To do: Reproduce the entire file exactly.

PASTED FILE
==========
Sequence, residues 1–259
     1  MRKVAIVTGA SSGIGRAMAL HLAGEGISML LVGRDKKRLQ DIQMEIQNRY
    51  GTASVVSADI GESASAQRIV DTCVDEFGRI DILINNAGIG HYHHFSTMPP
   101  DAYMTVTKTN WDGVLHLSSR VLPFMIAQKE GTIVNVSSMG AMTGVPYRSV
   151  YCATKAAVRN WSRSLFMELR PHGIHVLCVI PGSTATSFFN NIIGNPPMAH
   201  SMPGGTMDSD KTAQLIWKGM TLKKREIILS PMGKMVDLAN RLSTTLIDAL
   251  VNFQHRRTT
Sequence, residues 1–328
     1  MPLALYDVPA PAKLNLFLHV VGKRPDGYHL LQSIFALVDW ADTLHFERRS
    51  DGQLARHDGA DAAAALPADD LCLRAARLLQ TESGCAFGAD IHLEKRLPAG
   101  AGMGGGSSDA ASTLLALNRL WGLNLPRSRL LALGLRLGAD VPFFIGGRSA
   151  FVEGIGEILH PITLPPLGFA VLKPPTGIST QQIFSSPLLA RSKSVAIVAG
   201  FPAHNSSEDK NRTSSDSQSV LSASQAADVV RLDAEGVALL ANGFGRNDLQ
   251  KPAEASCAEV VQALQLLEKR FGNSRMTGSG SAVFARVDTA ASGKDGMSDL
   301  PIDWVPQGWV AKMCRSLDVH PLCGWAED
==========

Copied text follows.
Sequence, residues 1–259
     1  MRKVAIVTGA SSGIGRAMAL HLAGEGISML LVGRDKKRLQ DIQMEIQNRY
    51  GTASVVSADI GESASAQRIV DTCVDEFGRI DILINNAGIG HYHHFSTMPP
   101  DAYMTVTKTN WDGVLHLSSR VLPFMIAQKE GTIVNVSSMG AMTGVPYRSV
   151  YCATKAAVRN WSRSLFMELR PHGIHVLCVI PGSTATSFFN NIIGNPPMAH
   201  SMPGGTMDSD KTAQLIWKGM TLKKREIILS PMGKMVDLAN RLSTTLIDAL
   251  VNFQHRRTT
Sequence, residues 1–328
     1  MPLALYDVPA PAKLNLFLHV VGKRPDGYHL LQSIFALVDW ADTLHFERRS
    51  DGQLARHDGA DAAAALPADD LCLRAARLLQ TESGCAFGAD IHLEKRLPAG
   101  AGMGGGSSDA ASTLLALNRL WGLNLPRSRL LALGLRLGAD VPFFIGGRSA
   151  FVEGIGEILH PITLPPLGFA VLKPPTGIST QQIFSSPLLA RSKSVAIVAG
   201  FPAHNSSEDK NRTSSDSQSV LSASQAADVV RLDAEGVALL ANGFGRNDLQ
   251  KPAEASCAEV VQALQLLEKR FGNSRMTGSG SAVFARVDTA ASGKDGMSDL
   301  PIDWVPQGWV AKMCRSLDVH PLCGWAED